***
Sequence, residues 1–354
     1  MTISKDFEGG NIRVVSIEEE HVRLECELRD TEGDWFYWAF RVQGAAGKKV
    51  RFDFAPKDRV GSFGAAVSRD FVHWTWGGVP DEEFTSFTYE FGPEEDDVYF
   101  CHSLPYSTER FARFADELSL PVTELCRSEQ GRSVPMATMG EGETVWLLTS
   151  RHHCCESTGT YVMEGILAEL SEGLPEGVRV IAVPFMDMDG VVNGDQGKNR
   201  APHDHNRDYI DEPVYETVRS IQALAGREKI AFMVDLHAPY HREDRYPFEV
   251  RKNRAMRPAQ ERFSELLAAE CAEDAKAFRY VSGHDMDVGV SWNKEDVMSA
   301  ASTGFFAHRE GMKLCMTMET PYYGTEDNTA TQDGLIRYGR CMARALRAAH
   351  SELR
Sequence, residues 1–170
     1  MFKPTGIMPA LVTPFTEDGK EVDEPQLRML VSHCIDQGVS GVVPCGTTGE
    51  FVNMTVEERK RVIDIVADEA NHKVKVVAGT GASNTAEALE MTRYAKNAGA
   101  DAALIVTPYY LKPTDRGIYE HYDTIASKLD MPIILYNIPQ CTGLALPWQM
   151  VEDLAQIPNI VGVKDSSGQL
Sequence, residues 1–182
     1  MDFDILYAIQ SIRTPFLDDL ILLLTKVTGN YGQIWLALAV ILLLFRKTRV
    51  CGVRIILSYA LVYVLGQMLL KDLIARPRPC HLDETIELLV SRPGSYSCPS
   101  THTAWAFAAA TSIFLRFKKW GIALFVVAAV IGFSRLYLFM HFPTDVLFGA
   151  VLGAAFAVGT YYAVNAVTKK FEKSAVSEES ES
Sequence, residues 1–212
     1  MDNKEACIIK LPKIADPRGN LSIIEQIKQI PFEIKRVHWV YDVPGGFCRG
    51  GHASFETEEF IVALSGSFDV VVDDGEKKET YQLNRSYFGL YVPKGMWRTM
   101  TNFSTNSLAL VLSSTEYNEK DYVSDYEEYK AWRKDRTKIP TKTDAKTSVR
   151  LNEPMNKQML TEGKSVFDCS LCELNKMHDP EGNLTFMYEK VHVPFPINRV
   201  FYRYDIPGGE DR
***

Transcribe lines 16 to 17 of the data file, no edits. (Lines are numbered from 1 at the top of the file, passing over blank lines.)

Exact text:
     1  MDFDILYAIQ SIRTPFLDDL ILLLTKVTGN YGQIWLALAV ILLLFRKTRV
    51  CGVRIILSYA LVYVLGQMLL KDLIARPRPC HLDETIELLV SRPGSYSCPS